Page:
The goals of the UC Berkeley Superfund program are to improve understanding of the relationship between exposure and disease, provide better human and ecological risk assessments, and develop a range of prevention and remediation strategies to improve and protect public health, ecosystems and the environment. The program’s themes are to: a) apply functional genomics, proteomics, transcriptomics, and nanotechnology to better detect arsenic, mercury, benzene, polycyclic aromatic hydrocarbons, trichloroethylene, and other Superfund priority chemicals in the environment; b) to evaluate their effects on human health, especially the health of susceptible populations such as children; c) remediate their presence; and d) reduce their toxicity.
UC Berkeley’s program builds on the strengths of UC Berkeley and Lawrence Berkeley National Laboratory in engineering, chemistry, and molecular epidemiology. The program consists of six interrelated projects (three with a biomedical research focus and three with a non-biomedical research focus) and five cores.
The major objectives are to:
- Develop and apply novel biomarkers and exposure assessment tools in epidemiology studies [Project 1] [Project 3] [Project 5]
- Enhance our knowledge of the toxic effects of arsenic, especially in early life [Project 3]
- Determine the role of environmental exposure to benzene and polycyclic aromatic hydrocarbons in the development of childhood leukemia [Project 1]
- Identify genes that confer susceptibility to chemical toxicity through the application of functional genomics [Project 2]
- Expand our ability to remediate toxic waste sites at a lower cost using nanotechnology and bioremediation [Project 4] [Project 6]
- Improve our ability to measure chemical species in the environment using nanotechnology [Project 4] [Project 5]
- Promote the exchange of information among scientists, regulators, and other interested parties in order to translate basic research finding into appropriate policies and public health interventions [Core B]
- Move our research findings into application through technology transfer [Core B]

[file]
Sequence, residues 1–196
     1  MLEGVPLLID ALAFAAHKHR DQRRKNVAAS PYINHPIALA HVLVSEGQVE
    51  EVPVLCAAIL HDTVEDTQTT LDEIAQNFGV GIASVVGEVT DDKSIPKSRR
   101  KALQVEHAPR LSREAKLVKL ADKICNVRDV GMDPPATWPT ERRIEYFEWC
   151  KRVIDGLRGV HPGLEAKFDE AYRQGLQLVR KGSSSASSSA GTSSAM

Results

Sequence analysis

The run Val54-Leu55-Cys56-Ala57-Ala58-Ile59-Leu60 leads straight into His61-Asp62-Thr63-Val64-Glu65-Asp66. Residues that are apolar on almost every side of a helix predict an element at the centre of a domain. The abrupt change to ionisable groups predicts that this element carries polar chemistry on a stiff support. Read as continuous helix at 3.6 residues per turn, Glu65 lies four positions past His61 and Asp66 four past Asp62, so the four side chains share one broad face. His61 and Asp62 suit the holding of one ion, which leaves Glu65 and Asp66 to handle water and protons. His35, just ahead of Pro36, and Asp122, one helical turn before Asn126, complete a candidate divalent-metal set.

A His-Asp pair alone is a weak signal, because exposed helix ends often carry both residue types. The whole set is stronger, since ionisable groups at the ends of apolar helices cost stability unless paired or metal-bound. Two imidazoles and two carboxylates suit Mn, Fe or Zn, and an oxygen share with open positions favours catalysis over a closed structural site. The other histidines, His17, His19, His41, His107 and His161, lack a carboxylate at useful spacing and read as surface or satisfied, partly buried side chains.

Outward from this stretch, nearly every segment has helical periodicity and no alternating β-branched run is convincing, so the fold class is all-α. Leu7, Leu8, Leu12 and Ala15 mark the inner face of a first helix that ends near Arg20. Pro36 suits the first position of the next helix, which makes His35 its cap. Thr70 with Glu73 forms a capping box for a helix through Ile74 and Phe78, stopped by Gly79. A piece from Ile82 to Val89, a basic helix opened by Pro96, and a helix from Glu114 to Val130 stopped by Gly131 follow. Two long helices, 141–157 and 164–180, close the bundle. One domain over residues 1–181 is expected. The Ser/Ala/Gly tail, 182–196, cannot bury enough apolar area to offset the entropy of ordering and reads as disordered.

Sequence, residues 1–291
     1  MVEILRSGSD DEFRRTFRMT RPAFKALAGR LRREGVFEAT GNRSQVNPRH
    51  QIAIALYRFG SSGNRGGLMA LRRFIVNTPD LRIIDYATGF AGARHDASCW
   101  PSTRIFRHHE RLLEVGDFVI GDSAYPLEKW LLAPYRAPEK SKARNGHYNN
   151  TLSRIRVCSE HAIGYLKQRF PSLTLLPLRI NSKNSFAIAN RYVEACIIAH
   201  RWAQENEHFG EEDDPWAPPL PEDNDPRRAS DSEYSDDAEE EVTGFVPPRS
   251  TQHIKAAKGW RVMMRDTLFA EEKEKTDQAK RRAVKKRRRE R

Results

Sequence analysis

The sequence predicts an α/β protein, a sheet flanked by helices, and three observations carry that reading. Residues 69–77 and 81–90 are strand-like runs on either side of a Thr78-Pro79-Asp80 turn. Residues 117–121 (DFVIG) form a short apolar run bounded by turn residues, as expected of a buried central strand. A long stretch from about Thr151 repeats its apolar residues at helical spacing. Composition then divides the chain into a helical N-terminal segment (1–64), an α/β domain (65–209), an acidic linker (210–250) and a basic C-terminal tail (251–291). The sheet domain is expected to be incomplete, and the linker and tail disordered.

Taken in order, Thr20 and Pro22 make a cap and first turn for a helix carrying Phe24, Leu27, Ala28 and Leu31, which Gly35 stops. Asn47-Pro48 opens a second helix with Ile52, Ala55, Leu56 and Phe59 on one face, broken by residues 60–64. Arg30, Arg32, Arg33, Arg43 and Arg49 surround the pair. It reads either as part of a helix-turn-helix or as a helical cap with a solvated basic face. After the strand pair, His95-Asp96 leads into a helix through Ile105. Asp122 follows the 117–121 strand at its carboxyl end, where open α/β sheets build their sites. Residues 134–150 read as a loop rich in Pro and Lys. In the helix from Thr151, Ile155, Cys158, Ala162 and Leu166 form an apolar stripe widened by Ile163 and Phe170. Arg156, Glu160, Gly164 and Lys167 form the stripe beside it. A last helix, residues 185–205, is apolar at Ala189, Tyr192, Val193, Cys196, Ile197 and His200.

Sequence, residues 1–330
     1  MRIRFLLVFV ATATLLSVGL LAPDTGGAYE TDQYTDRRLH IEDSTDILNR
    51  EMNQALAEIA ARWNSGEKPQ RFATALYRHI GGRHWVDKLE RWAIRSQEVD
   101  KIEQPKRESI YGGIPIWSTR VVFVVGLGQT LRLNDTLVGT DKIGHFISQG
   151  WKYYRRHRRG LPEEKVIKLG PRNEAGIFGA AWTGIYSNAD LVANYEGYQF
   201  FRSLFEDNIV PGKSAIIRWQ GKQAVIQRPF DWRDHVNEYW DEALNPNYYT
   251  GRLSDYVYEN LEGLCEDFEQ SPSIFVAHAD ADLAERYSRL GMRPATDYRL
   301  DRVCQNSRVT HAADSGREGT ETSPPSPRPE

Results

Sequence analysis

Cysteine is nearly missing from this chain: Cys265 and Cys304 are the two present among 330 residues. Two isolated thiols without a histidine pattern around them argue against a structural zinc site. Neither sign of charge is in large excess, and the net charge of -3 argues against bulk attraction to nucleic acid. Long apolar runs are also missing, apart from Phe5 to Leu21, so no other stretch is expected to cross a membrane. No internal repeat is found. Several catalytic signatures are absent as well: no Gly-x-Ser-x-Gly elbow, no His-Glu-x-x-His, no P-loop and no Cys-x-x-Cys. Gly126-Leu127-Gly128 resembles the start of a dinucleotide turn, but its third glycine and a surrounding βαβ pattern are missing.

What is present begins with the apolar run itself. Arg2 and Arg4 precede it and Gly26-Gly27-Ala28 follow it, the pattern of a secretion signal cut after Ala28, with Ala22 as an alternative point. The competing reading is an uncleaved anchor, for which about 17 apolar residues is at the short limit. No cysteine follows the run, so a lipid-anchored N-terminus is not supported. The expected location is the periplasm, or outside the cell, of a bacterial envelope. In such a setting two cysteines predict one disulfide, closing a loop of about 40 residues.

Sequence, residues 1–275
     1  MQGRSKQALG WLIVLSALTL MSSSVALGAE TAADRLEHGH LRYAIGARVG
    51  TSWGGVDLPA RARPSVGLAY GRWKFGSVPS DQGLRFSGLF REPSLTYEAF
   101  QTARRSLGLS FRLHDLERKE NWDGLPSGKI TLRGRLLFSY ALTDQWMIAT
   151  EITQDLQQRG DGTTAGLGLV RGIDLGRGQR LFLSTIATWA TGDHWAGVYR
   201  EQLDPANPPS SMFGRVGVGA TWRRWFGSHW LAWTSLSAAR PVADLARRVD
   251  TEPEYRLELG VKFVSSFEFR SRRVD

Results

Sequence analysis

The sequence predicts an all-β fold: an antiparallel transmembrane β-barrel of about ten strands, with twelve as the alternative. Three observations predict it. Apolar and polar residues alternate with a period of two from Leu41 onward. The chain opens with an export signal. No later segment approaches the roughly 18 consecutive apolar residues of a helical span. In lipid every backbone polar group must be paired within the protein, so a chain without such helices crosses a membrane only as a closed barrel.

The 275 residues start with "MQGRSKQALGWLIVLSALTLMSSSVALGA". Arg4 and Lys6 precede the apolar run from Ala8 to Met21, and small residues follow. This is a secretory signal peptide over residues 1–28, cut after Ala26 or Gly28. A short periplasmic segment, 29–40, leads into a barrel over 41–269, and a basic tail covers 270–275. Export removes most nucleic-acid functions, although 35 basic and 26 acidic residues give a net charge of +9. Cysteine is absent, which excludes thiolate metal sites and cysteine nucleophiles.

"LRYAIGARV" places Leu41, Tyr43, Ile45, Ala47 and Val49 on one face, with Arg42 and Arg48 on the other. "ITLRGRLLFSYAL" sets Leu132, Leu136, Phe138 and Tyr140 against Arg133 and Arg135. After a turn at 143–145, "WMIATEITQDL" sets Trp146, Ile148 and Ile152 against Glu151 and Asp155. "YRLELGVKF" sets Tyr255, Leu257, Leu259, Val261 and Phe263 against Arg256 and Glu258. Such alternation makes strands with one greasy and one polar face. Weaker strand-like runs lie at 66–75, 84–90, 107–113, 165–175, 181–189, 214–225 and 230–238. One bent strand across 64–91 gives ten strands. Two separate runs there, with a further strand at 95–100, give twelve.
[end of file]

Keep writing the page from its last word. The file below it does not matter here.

- Provide training that is interdisciplinary and imparts skills in the translation of scientific results to a new generation of scientists in the many disciplines relevant to the Program [Core E]
2006-2011 Program Summary
The University of California-Berkeley Superfund Basic Research Program began in 1987. The goal is “to improve understanding of the relationship between exposure and disease; provide better human and ecological risk assessments; lower cleanup costs; and develop a range of prevention strategies to improve and protect public health, ecosystems and the environment.” The Program builds on the strengths of UC Berkeley and Lawrence Berkeley National Laboratory in engineering, chemistry and molecular epidemiology, and consists of six interrelated basic and applied research projects. The overall theme of the program is “The application of functional genomics, proteomics, transcriptomics, and nanotechnology to better detect arsenic, mercury, benzene, polycyclic aromatic hydrocarbons, trichloroethylene and other Superfund priority chemicals in the environment; evaluate their effects on human health, especially the health of susceptible populations such as children; and remediate their presence and reduce their toxicity. Themes of the individual projects include using proteomics and transcriptomics to study the role of chemical exposure in causing childhood leukemia; taking a functional genomic approach to finding susceptibility genes; applying novel biomarkers to study the health effects of arsenic; improving bioremediation of toxic chemicals through the application of -omic technologies and nanotechnology, and developing nano-scale sensors of chemical species in the environment. A toxicogenomics laboratory core and a computational biology core will assist researchers in creating tools for use in epidemiological and risk research. The new research translation core will facilitate intensive discussions between investigators and government audiences, and generate new initiatives to increase understanding of the significance and applicability of emerging areas of research to public health protection through policy, interventions, and individual actions. The training core will prepare graduate and post-doctoral students to conduct multidisciplinary research into the effects of environmental factors on health, and to develop technological solutions to prevent or mitigate the harm resulting from Superfund priority chemicals.